Plasma (physics) - Common Plasmas

Common Plasmas

Further information: Astrophysical plasma, Interstellar medium, and Intergalactic space

Plasmas are by far the most common phase of ordinary matter in the universe, both by mass and by volume. Our Sun, and all the stars are made of plasma, much of interstellar space is filled with a plasma, albeit a very sparse one, and intergalactic space too. In our solar system, interplanetary space is filled with the plasma of the Solar Wind that extends from the Sun out to the heliopause. Even black holes, which are not directly visible, are fuelled by accreting ionising matter (i.e. plasma), and they are associated with astrophysical jets of luminous ejected plasma, such as M87's jet that extends 5,000 light-years.

Dust and small grains within a plasma will also pick up a net negative charge, so that they in turn may act like a very heavy negative ion component of the plasma (see dusty plasmas).

The current consensus is that about 96% of the total energy density in the universe is not plasma or any other form of ordinary matter, but a combination of cold dark matter and dark energy. In our Solar System, however, the density of ordinary matter is much higher than average and much higher than that of either dark matter or dark energy. The planet Jupiter accounts for most of the non-plasma, only about 0.1% of the mass and 10−15% of the volume within the orbit of Pluto.

Common forms of plasma
Artificially produced Terrestrial plasmas Space and astrophysical plasmas
  • Those found in plasma displays, including TVs
  • Inside fluorescent lamps (low energy lighting), neon signs
  • Rocket exhaust and ion thrusters
  • The area in front of a spacecraft's heat shield during re-entry into the atmosphere
  • Inside a corona discharge ozone generator
  • Fusion energy research
  • The electric arc in an arc lamp, an arc welder or plasma torch
  • Plasma ball (sometimes called a plasma sphere or plasma globe)
  • Arcs produced by Tesla coils (resonant air core transformer or disruptor coil that produces arcs similar to lightning, but with alternating current rather than static electricity)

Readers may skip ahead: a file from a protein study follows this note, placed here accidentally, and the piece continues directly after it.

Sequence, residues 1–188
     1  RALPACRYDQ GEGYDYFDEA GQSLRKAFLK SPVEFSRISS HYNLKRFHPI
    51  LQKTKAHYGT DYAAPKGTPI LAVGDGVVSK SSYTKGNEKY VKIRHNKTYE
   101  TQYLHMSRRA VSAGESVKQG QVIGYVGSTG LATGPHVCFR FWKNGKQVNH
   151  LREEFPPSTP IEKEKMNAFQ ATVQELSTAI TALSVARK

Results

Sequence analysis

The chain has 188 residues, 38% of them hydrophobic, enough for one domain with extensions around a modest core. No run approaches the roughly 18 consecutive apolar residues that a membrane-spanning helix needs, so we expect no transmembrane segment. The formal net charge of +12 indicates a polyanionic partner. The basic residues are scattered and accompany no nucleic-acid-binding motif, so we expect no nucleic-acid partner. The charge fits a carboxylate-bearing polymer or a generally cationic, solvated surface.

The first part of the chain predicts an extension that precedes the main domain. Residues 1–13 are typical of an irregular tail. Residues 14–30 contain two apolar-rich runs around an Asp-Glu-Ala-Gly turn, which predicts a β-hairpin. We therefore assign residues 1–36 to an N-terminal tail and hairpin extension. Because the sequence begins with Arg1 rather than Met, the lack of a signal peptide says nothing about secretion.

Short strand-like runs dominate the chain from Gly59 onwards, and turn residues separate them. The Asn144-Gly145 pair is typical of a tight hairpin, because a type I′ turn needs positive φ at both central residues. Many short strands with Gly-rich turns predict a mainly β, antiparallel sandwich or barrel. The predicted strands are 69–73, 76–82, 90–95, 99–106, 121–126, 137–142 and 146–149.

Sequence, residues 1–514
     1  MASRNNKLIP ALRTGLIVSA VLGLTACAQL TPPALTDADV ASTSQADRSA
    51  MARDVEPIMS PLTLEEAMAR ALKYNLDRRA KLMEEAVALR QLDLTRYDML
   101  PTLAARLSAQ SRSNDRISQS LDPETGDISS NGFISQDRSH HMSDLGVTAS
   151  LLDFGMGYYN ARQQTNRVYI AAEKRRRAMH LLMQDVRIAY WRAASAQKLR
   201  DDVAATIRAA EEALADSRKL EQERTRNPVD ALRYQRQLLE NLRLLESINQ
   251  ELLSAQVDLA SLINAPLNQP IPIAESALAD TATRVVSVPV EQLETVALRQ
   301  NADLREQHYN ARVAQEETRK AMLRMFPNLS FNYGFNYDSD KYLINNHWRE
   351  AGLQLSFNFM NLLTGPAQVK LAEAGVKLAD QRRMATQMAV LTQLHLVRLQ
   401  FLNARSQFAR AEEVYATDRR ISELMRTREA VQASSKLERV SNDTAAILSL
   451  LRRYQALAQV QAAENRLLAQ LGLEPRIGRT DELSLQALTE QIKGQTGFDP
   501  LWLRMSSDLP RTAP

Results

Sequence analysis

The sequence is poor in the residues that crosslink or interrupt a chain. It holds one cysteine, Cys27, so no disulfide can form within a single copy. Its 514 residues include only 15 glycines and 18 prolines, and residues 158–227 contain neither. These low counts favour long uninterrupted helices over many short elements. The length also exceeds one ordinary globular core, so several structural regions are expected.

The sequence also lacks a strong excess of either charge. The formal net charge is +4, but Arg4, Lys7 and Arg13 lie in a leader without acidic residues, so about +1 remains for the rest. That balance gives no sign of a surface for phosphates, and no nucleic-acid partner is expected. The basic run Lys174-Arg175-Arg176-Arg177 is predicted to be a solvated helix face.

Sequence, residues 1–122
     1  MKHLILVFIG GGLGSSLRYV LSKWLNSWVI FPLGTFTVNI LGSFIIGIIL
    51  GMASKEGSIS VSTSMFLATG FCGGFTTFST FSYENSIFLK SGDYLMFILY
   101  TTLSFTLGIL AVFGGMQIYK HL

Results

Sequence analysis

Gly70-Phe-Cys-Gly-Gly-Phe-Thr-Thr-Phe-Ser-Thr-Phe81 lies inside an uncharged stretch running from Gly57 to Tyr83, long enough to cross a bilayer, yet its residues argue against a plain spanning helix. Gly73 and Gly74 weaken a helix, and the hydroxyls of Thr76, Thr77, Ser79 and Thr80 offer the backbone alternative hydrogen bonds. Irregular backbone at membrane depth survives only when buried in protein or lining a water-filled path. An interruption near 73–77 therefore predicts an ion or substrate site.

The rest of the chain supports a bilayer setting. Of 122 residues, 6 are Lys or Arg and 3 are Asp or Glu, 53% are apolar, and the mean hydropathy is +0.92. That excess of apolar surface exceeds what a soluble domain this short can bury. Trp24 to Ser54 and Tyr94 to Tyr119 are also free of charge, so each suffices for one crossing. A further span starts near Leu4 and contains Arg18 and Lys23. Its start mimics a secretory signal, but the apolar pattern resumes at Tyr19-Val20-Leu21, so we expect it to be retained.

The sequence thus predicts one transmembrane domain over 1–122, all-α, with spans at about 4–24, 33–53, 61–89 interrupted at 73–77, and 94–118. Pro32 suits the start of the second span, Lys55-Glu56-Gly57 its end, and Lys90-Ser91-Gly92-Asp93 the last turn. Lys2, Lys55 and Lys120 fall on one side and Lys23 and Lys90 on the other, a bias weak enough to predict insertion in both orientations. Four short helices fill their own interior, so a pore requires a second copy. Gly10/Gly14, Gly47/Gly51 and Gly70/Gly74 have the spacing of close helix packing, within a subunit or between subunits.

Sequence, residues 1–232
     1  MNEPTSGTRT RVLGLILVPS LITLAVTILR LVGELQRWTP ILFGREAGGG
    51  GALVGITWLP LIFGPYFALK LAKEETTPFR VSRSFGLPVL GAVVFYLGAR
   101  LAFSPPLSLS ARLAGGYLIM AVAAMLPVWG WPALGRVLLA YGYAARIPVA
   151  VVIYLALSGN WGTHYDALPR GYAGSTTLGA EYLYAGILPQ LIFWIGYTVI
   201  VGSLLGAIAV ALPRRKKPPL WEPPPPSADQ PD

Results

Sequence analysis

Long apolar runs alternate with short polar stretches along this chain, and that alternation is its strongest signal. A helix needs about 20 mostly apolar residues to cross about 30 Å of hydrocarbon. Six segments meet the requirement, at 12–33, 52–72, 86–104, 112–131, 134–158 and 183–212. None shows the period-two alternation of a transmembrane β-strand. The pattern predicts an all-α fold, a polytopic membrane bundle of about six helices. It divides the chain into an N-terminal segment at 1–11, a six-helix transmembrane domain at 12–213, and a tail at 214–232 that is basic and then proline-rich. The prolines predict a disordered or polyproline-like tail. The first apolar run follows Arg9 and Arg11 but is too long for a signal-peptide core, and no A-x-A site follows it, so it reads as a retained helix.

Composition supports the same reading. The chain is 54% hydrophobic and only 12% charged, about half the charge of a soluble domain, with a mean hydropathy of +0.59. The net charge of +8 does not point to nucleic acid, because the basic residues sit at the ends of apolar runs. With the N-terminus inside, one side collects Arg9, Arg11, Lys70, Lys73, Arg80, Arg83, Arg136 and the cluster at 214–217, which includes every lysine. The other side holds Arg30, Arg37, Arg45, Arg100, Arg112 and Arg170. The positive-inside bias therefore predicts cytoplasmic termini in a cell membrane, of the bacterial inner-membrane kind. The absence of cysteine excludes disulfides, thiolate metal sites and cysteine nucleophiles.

• Plasmas used in semiconductor device fabrication including reactive-ion etching, sputtering, surface cleaning and plasma-enhanced chemical vapor deposition
  • Laser-produced plasmas (LPP), found when high power lasers interact with materials.
  • Inductively coupled plasmas (ICP), formed typically in argon gas for optical emission spectroscopy or mass spectrometry
  • Magnetically induced plasmas (MIP), typically produced using microwaves as a resonant coupling method
  • Static electric sparks
  • Lightning
  • St. Elmo's fire
  • Upper-atmospheric lightning (e.g. Blue jets, Blue starters, Gigantic jets, ELVES)
  • Sprites
  • The ionosphere
  • The plasmasphere
  • The polar aurorae
  • Some flames
  • The polar wind, a plasma fountain
  • The Sun and other stars
    (plasmas heated by nuclear fusion)
  • The solar wind
  • The interplanetary medium
    (space between planets)
  • The interstellar medium
    (space between star systems)
  • The Intergalactic medium
    (space between galaxies)
  • The Io-Jupiter flux tube
  • Accretion discs
  • Interstellar nebulae
  • Cometary ion tail

Read more about this topic:  Plasma (physics)

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